Friday’s Column: Brent’s Bent
Having a friend that we can confide in and rely on for sound advice is invaluable, but we should be picky about who we choose as friends. Solomon says, “The righteous person is a guide to his neighbor, But the way of the wicked leads them astray.” (Proverbs 12.26 NASB).
Thus, we will begin with those negative characteristics Solomon says one should avoid when befriending people. Do not befriend:
- A gossip (Proverbs 20.19).
- The short-tempered (Proverbs 22.24-25).
- Drunks and gluttons (Proverbs 23.20-21).
- The “unsteady” (Proverbs 24.21-22). [To fully understand this, you may need to check the Hebrew. For example, in one translation, a person “given to change” may join “rebellious officials” in another. This difference is because the Hebrew “shanah” implies repetition (“to repeat, do again”). So, Solomon speaks of those not willing to grow from their mistakes or have fickle loyalties. Hence, such people are unstable in their ways.]
- Liars (Proverbs 25.18).
- The untrustworthy (Proverbs 25.19).
- The inconsiderate (Proverbs 25.20).
- The violent (Proverbs 1.10-19).
Those whom Solomon says to befriend comprise a shorter list. Befriend those:
- Who display wisdom (Proverbs 13.20).
- Who will point you in the right direction (Proverbs 13.14).
In addition to telling us who to befriend and who to shun, Solomon gives us wisdom about how we can be better friends with others. This wisdom begins with telling us to avoid certain disruptive practices.
- Don’t repeat everything you hear (Proverbs 17.9).
- Avoid senseless arguments (Proverbs 14.14).
- Don’t overstay your welcome (Proverbs 25.17).
- Don’t intrude on others’ arguments (Proverbs 26.17). [Solomon likens this to yanking a dog’s ears.]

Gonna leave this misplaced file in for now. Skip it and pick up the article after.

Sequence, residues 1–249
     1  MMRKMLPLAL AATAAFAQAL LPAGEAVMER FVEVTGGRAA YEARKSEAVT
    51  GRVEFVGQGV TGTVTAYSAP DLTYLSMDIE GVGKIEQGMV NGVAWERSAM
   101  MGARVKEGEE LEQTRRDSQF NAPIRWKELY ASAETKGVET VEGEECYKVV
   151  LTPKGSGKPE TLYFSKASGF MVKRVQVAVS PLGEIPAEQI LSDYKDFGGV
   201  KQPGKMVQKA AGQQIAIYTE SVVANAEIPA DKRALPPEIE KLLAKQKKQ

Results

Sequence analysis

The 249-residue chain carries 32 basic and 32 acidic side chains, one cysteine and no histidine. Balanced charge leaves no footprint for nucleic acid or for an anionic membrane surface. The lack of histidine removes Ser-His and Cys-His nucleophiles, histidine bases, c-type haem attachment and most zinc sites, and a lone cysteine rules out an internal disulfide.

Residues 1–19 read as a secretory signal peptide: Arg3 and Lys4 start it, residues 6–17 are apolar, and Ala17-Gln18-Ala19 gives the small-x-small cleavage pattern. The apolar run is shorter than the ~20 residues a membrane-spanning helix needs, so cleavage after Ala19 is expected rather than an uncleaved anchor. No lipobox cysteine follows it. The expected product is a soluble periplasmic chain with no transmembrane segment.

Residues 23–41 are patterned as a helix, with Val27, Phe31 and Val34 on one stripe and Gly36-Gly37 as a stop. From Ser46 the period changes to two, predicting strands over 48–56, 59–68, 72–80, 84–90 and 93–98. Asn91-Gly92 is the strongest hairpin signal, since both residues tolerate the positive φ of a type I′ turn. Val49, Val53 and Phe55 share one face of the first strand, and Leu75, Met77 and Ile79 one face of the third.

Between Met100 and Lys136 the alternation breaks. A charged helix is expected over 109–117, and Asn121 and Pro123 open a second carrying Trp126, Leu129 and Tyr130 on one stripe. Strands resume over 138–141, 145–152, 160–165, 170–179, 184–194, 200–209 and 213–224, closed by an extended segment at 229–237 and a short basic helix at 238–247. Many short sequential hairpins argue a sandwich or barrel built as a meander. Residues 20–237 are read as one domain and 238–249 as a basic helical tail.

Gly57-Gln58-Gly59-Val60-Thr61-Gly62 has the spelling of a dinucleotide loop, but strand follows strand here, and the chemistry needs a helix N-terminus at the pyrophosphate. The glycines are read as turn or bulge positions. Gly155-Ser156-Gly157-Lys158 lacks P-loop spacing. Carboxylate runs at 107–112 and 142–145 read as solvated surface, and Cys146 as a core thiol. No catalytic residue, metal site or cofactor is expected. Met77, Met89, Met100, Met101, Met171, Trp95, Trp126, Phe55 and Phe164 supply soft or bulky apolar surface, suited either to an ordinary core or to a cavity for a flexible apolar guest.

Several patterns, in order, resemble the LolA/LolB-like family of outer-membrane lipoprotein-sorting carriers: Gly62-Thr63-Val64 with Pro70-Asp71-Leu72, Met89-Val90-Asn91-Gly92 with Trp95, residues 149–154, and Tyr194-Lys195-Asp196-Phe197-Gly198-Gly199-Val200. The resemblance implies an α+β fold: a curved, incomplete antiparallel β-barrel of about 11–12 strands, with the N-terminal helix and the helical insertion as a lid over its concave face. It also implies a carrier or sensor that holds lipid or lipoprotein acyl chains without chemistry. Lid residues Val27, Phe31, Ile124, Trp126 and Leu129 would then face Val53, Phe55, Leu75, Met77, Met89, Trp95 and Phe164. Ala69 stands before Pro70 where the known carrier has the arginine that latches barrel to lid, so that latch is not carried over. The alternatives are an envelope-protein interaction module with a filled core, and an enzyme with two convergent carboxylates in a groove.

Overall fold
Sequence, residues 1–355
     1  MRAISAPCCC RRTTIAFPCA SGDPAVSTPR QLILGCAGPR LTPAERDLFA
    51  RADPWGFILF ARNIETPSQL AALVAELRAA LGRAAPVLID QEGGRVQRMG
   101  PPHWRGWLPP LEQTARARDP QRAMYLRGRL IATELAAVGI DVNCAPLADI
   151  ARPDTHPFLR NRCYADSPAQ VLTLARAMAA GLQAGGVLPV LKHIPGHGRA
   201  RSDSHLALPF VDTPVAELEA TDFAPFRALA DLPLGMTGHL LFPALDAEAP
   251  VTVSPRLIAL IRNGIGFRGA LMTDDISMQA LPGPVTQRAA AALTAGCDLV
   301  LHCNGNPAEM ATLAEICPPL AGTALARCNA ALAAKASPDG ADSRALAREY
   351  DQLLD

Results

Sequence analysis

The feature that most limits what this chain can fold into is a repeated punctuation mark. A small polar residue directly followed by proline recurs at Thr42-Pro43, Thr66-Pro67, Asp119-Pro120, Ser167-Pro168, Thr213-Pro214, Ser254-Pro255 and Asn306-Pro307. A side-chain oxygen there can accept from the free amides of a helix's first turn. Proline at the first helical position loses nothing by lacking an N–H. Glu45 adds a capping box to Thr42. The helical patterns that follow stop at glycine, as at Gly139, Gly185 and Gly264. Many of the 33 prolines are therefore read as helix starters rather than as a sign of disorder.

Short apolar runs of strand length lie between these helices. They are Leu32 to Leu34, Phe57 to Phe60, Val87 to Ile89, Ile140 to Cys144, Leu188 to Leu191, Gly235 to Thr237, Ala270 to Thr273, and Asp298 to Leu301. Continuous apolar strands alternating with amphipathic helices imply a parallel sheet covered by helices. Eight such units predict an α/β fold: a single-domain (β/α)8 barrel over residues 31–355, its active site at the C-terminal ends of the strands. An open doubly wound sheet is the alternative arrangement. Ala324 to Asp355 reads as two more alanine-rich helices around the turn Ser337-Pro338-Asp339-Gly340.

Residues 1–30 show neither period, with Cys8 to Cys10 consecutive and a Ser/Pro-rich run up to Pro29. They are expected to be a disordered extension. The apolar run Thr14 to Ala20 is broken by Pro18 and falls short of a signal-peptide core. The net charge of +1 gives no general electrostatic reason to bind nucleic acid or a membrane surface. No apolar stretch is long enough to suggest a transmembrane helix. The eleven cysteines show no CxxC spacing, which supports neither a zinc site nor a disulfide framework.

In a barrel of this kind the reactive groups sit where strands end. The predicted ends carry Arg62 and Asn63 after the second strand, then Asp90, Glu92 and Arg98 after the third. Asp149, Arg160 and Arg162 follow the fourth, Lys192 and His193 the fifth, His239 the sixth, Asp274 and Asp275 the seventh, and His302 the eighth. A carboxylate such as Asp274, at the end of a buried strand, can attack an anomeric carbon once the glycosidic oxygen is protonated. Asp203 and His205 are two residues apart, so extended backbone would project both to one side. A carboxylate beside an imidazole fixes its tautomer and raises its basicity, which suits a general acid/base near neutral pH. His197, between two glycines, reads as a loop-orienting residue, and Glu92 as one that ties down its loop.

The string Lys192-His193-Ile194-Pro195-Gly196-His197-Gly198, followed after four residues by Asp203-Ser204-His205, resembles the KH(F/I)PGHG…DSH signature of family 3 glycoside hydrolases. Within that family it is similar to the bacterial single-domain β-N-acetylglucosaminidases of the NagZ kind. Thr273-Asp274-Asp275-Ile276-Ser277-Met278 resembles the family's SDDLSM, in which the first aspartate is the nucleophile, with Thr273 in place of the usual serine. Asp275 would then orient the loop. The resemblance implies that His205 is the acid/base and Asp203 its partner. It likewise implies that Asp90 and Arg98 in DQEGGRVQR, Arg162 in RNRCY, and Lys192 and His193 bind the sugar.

- Don’t call mistakes and misdeeds a failed attempt at humor (Proverbs 26.18-19). [“I was joking!”]
- Don’t gossip (Proverbs 26.20). [Look up Socrates’ three filters: Is it true? Is it good? Is it useful?.]
- Don’t be cranky (Proverbs 26.21).
- Don’t be inconsiderate (Proverbs 27.14).
According to Solomon, then, these are the causes of discord among friends. It may be difficult to recover a friend’s trust if they have lost faith in us. Solomon warns, “An offended friend is harder to win back than a fortified city. Arguments separate friends like a gate locked with bars” (Proverbs 18.19 NLT). Solomon, though, advises those of us who have harmed our relationships. If we need to repair a friendship, we must:
- Get our relationship right with God, and then others will change their perspective of us (Proverbs 16.7).
- Be slow to anger (Proverbs 15.18, cf. James 1.19).
- Not speculate (Proverbs 18.13).
- Not quarrel (Proverbs 20.3).
- Speak gently (Proverbs 15.1).
- Speak less (Proverbs 10.19).
- Be loving (Proverbs 10.12).
- Offer honest criticism instead of flattery (Proverbs 28.23).
Yes, correctly applying God’s wisdom can ensure that we enjoy the blessings of good friends in this life. And there is a blessing in a friendship that Solomon reminds us of in Ecclesiastes 4.9-12:
“Two are better than one because they have a good return for their labor. For if either of them falls, the one will lift up his companion. But woe to the one who falls when there is not another to lift him up. Furthermore, if two lie down together they keep warm, but how can one be warm alone? And if one can overpower him who is alone, two can resist him. A cord of three strands is not quickly torn apart.” (Ecclesiastes 4.9-12 NASB1995)
Let us seek and be good friends with one another.